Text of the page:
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Visit LKAB’s Visitor Centre. It’s the world’s largest underground iron-ore mine. The town of Kiruna was built around this mine.

Finally, see the Esrange Space Center. It has a science museum, an observatory, and a planetarium. A family that visited noted they went there. They also recommend that you go there as well. Yeah, tourists in Kiruna really don’t waste many words, do they?

But perhaps the visitors’ words are taken away by the many wonderful things to see in and around town.

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As always, “Good eating. Good traveling.”

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– Paul De Lancey, The Comic Chef, Ph.D.

My cookbook, Following Good Food Around the World, with its 180 wonderful recipes, my newest novel, Do Lutheran Hunks Eat Mushrooms, a hilarious apocalyptic thriller, and all my other books, are available on amazon.com.

Categories: Arctic eats, things to see and do | Tags: , , , , , , , , , , , , , , , , , , , , , , , , , , , | Leave a comment

Swedish Raspberry Cave Cookies

Swedish Dessert

SWEDISH RASPBERRY CAVE COOKIES
(Hallongrottor)

INGREDIENTS

1¼ cups butter, softened
⅔ cup sugar
2 teaspoons baking powder
2 cups flour
½ cup potato starch or corn starch
2 teaspoons vanilla extract
½ cup raspberry jam (or your choice of jam)

SPECIAL UTENSILS

24 paper cookie cups
baking sheet
cooling rack

Makes 24 cookies. Takes 1 hour plus 30 minutes to cool..

PREPARATION

Preheat oven to 375 degrees. Add butter and sugar to 1st large mixing bowl. Mix with electric beater set at medium until soft and well blended. Add baking powder, flour, potato starch. and vanilla to 2nd large mixing bowl. Mix with whisk or fork until well blended.

Gradually add baking powder/flour/potato starch mixture to bowl with butter/sugar. Mix with electric beater set at medium until you get a fluffy dough.. Roll out dough until becomes a 12″-long log. Cut dough log every ½” to get 24 even circles.

Place dough circles into paper cookie cups. Press finger in middle of each dough circle to make a little indentation. Carefully fill each indentation with 1 teaspoon raspberry jam. Place filled paper cups on baking sheet. Bake at 375 degrees for 15 minutes or until the cookies just begin to turn golden brown. (These cookies should remain fairly pale.)

TIDBITS

1) Billions of year ago, the Earth was just seething seas and voluminous volcanoes. Yes, the elements of life existed, but nothing actually came into being, not even the simplest of telemarketers. There was just no animating catalyst.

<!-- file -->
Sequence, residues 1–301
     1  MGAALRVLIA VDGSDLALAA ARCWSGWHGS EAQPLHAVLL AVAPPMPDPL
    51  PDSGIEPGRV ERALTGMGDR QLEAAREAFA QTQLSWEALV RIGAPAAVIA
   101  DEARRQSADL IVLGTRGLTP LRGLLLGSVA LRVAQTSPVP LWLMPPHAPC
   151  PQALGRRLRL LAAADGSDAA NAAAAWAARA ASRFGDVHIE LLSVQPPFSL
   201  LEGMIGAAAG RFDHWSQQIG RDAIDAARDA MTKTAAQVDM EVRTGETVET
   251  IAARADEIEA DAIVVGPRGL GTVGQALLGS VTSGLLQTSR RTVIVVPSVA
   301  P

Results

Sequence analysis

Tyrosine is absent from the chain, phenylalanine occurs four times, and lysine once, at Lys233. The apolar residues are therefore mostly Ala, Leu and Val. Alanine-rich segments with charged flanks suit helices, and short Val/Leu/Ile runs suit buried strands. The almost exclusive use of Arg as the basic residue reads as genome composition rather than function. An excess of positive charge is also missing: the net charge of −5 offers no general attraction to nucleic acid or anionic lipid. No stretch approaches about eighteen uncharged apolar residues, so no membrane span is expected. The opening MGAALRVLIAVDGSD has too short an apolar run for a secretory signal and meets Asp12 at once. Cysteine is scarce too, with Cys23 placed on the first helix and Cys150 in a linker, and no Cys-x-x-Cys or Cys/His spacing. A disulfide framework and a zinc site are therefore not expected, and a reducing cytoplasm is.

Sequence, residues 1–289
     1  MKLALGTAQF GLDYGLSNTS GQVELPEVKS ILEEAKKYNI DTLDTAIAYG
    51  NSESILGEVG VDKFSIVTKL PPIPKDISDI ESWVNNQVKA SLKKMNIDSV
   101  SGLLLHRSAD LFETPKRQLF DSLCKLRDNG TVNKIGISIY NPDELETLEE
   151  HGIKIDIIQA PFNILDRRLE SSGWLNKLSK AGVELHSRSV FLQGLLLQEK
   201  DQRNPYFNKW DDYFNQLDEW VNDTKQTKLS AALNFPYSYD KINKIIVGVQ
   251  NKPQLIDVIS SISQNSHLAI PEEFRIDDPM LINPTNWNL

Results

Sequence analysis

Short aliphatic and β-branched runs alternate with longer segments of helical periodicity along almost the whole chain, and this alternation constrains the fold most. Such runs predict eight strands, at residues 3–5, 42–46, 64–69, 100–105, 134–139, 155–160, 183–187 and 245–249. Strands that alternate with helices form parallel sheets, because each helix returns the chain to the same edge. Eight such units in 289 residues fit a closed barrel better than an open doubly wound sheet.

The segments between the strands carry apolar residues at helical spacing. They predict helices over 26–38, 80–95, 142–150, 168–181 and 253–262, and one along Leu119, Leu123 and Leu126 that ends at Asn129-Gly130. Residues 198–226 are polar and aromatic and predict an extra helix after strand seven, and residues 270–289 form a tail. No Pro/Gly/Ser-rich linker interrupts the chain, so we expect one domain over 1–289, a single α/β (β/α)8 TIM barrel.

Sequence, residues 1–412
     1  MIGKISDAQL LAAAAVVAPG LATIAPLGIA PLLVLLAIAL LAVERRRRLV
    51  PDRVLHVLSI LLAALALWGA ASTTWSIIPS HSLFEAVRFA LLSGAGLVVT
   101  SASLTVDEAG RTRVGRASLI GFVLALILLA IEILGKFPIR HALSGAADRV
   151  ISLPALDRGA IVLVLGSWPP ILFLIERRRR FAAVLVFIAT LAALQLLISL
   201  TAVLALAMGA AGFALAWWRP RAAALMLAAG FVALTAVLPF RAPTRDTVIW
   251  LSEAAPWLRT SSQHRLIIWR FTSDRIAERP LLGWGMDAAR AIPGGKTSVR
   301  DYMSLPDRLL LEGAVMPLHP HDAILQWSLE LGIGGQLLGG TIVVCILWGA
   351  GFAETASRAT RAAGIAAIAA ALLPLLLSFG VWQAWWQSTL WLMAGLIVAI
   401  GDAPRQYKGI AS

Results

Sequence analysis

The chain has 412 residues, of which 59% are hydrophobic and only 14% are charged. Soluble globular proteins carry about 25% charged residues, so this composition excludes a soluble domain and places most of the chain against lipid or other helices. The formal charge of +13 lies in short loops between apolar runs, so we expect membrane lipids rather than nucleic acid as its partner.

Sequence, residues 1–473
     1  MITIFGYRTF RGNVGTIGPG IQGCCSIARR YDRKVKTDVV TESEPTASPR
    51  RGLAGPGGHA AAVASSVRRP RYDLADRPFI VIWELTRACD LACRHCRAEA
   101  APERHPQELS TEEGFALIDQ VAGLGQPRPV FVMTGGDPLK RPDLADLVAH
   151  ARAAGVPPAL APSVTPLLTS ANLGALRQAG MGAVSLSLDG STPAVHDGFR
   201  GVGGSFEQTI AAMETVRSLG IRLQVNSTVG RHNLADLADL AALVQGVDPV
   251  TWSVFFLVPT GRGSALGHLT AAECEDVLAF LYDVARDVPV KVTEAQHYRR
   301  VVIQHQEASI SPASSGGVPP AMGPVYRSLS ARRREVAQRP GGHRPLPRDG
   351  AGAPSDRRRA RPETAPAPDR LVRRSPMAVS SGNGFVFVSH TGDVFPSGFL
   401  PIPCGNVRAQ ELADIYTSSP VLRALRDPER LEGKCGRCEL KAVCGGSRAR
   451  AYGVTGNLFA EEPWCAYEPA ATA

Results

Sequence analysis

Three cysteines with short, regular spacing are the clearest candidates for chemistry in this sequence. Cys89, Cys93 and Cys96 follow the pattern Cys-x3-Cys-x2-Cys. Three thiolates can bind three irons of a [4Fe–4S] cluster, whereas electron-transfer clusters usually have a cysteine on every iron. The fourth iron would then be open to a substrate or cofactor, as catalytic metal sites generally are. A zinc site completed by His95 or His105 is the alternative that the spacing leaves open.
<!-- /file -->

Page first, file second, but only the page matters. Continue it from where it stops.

2) The week after that, microscopic cave cookies appeared. These microscops were themselves inert, but any element of life attaching itself to a cave cookie became alive. Hooray for life! As thecookie micrcoscops naturally enlarged, so did the number of life elements that could attach to it. So, life forms became bigger and bigger. Eventually we would we would have life on Earth as we know it.

 

Paul De Lancey, The Comic Chef, Ph.D., Paul I

My cookbook, Following Good Food Around the World, with its 180 wonderful recipes, my newest novel, Do Lutheran Hunks Eat Mushrooms, a hilarious apocalyptic thriller, and all my other books, are available on amazon.com.

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Cinnamon Rolls (Kanelbullar)

Swedish Dessert

CINNAMON ROLLS
(Kanelbullar)

INGREDIENTS – DOUGH

⅔ cup butter (⅓ cup more later)
1½ cups milk
1 egg (1 egg more later)
2 teaspoons cardamom
¾ teaspoon salt
½ cup sugar (⅓ cup more later)
2½ teaspoons yeast
5 cups bread flour or flour (2 tablespoons more later)

INGREDIENTS – FILLING

2½ tablespoons cinnamon
⅓ cup sugar
¼ cup brown sugar
⅓ cup butter, softened

INGREDIENT – ASSEMBLY

2 tablespoons flour
1 egg
1½ tablespoons water
3 tablespoons pearl sugar*, sparkling sugar, or sugar

* = Pearl sugar is remarkably hard to find in supermarkets. Try Whole FoodsTM, the food department of IKEATM, or the cake decoration sections of JoannTM, Michael’sTM. and other hobby stores. Alternatively, smash sugar cubes with a kitchen mallet.

SPECIAL UTENSILS

bread maker
parchment paper
2 cookie sheets

Makes 16 rolls. Takes 2 hours 45 minutes.

PREPARATION – DOUGH

Add ⅓ cup butter and milk to pan. Cook using low-medium heat until butter melts. Stir often. Add butter/milk and 1 egg to small mixing bowl. Mix with whisk until well blended. Add cardamom, salt, ½ cup sugar, yeast, and 5 cups flour to large mixing bowl. Mix with whisk until well blended. Add butter/milk from small mixing bowl to large mixing bowl. Whisk until well blended.

Add flour/butter/milk/sugar/yeast mix to bread maker. Run bread maker using dough setting for 10 minutes. Add dough to large mixing bowl. Cover and let rise for 1 hour or until doubled in size.

PREPARATION – FILLING

While dough doubles in size, add cinnamon, ⅓ cup sugar, brown sugar, and ⅓ cup softened butter to small mixing bowl. Mix with whisk until well blended.

PREPARATION – ASSEMBLY

Dust flat surface with 2 tablespoons flour. Add dough to center of dusted flat surface. Roll out dough until is a 12″ x 16″ rectangle. Spread filling evenly over rolled-out dough. Tightly roll dough along 16″ side until you get a 12″ long log. Cut log into 16 round discs or rolls. Cover with kitchen towel for 45 minutes or until doubled in size.

While dough rises, add 1 egg and water to cup. Mix with whisk or fork until well blended.